Ohio Scientific Advert - August 1978
From Byte - The Small Systems Journal
The world's most powerful microcomputer system is far more affordable than you may think
Formed in 1975 in Hiram, Ohio but by 1978 based in Aurora, Ohio Scientific had started out producing a small 6502-based single-board computer called the Superboard. The C3-B of the advert was a version of their Challenger series of computers, which was based on the company's Superboard II. It was a multi-processor model in the style of the time, which meant it actually had several entirely separate processors - in this case a MOS Technology/Synertek 6502A, a Motorola 6800 and a Zilog Z80, with a clock switchable between 1, 2 and 4 MHz to suit each processor. It could also be connected to a 14" 74MB Winchester drive - a massive amount of storage at the time, and apparently the first time such a disk had been connected to a micro. If that wasn't enough, according to the advert the C3-B's floppy disk units combined with its vast storage meant that it had "at least a thousand times performance improvement over [other] such machines - 50 times storage capacity multiplied by 20 times access speed improvements". The machine as advertised - 74MB disk, 48K of static (fast but expensive) RAM, the OS-65U operating system and a CRT terminal - retailed for $13,000, or about £52,800 in 2020 money.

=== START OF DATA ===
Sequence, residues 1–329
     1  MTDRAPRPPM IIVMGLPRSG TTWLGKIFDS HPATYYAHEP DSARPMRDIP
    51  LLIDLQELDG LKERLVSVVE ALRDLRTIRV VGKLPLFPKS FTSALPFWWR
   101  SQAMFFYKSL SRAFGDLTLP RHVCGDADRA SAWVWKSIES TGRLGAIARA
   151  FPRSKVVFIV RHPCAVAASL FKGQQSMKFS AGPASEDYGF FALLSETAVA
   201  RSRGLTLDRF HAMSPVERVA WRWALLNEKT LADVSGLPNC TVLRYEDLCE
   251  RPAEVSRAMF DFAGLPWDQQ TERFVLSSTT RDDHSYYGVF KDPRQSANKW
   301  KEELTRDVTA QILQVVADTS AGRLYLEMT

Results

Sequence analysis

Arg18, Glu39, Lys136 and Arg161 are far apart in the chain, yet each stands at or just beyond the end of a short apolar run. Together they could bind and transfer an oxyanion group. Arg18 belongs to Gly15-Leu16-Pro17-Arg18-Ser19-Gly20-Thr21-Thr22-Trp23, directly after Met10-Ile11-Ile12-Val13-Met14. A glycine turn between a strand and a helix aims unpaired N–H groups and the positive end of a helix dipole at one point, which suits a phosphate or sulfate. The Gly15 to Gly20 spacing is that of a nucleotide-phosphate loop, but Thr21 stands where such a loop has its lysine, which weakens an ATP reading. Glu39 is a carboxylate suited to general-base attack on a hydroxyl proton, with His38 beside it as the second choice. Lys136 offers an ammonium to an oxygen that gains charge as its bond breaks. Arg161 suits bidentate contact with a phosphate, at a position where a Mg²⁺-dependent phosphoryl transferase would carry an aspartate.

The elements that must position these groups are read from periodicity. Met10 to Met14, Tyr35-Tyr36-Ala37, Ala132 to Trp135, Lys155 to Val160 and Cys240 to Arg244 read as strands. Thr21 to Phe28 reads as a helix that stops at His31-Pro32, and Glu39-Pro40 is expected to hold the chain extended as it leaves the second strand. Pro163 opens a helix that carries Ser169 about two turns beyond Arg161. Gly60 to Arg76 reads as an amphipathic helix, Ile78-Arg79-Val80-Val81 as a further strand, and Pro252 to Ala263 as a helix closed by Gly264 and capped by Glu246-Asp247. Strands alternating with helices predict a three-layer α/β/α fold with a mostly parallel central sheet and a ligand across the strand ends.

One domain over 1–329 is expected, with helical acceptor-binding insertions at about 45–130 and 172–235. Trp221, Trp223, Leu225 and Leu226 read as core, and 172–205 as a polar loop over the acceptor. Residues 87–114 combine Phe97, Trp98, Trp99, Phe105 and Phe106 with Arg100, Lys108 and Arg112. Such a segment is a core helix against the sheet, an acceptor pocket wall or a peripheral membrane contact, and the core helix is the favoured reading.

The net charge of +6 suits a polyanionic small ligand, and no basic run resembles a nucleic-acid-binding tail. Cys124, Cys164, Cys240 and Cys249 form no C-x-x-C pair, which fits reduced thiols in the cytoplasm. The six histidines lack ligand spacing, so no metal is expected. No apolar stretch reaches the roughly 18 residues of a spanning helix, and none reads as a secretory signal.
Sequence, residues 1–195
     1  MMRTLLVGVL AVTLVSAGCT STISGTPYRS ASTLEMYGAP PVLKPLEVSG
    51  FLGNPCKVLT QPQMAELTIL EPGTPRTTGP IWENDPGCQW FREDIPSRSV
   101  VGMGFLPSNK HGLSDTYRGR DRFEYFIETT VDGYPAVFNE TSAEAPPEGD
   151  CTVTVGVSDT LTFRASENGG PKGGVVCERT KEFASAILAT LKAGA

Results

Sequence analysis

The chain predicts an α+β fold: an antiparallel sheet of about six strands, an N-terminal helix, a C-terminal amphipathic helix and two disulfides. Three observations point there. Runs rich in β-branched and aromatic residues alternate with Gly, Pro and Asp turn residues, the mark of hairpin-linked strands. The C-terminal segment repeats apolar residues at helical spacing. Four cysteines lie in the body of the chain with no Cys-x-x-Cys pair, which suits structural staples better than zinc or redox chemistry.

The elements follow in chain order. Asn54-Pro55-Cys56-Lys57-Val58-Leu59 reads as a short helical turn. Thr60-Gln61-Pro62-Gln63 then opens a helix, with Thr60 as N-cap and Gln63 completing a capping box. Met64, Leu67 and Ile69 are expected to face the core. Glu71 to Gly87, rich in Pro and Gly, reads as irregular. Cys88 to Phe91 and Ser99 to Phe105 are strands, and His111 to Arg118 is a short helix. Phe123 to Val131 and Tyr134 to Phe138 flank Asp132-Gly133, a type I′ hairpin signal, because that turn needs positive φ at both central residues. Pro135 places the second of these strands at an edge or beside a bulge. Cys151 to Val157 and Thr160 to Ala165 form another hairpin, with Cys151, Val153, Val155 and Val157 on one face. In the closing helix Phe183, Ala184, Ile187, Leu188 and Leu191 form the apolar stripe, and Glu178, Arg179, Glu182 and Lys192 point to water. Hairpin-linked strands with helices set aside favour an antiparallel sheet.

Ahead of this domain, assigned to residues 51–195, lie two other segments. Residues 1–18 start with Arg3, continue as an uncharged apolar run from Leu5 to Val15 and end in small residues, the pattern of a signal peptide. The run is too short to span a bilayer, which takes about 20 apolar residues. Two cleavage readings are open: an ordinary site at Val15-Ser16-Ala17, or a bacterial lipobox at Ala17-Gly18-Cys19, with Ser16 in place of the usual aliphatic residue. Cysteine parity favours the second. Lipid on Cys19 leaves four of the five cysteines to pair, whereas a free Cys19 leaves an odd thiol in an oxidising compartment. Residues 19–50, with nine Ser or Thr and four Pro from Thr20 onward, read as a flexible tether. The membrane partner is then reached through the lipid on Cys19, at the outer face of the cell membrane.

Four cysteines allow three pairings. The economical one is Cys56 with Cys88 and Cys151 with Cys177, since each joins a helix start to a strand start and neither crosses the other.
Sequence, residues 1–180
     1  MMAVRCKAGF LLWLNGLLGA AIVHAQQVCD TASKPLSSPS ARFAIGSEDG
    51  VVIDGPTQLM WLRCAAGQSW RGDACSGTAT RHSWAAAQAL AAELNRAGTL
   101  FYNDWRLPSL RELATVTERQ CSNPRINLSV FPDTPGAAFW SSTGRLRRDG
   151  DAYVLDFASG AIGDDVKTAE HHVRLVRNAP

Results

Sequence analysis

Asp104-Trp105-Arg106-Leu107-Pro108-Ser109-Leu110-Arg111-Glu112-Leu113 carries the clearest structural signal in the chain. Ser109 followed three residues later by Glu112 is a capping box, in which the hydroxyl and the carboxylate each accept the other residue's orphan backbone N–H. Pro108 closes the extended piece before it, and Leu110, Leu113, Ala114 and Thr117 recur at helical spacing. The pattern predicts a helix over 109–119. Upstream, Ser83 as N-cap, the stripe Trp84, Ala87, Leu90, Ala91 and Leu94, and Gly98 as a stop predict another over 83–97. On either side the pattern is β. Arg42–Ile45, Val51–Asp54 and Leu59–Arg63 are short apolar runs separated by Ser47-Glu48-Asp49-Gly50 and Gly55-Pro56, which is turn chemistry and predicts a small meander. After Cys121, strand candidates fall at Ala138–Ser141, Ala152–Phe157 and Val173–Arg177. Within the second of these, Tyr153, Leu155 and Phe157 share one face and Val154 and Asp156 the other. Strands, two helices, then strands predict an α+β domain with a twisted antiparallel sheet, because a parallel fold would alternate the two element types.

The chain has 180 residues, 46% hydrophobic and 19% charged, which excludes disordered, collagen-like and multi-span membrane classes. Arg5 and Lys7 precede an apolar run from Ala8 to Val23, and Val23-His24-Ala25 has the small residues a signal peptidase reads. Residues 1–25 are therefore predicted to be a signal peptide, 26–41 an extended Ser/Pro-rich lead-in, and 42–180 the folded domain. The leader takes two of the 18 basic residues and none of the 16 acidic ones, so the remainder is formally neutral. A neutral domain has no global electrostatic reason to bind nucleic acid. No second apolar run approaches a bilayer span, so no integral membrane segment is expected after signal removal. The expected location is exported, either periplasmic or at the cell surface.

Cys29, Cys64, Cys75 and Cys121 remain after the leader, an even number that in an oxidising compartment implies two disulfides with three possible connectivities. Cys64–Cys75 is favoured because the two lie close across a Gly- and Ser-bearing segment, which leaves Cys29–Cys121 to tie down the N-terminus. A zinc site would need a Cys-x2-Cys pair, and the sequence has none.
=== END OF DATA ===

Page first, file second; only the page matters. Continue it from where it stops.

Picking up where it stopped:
Ohio conducted an interesting and prescient experiment a couple of years later, in the late summer of 1980. Responding to a "vague feeling in the microcomputer industry that there lurks an as yet untapped but incredibly vast mass market awaiting the lucky company that discovers the key to placing a computer in every home", Ohio tried an experiment where they placed their lower-end models in several branches of Montgomery Ward, a US department-store chain. The results weren't particularly good as it turned out that most buyers came in to ask about business applications when most of the sales clerks were only familiar with washing machines and hair dryers and so many potential sales were lost, however the company persevered and made an arrangment to set up further computer shops in Montgomery Ward stores, but this time staffed by OSI's own dealers. This, it was suspected by Personal Computer World, would still not reach the masses of regular Joes. Indeed, Radio Shack, which came close to this strategy with a well-developed network of consumer-friendly shops across the US, was still really pursuing the specialist market with its TRS-80 - at least according to the compuer buyer of Sears Roebuck, the largest department-store chain in the US. It was eventually Commodore which cracked this nut when it arguably created the home computer market in the US with the VIC-20, the first sub-$300, overtly "friendly" computer, sold through similar Main Street retailers like JC Penney and advertised by familiar faces like TV's William Shatner, known to millions at the time as Captain Kirk. The first time Shatner had ever used a real computer was when Michael Tomczyk of Commodore showed him around the VIC-20.
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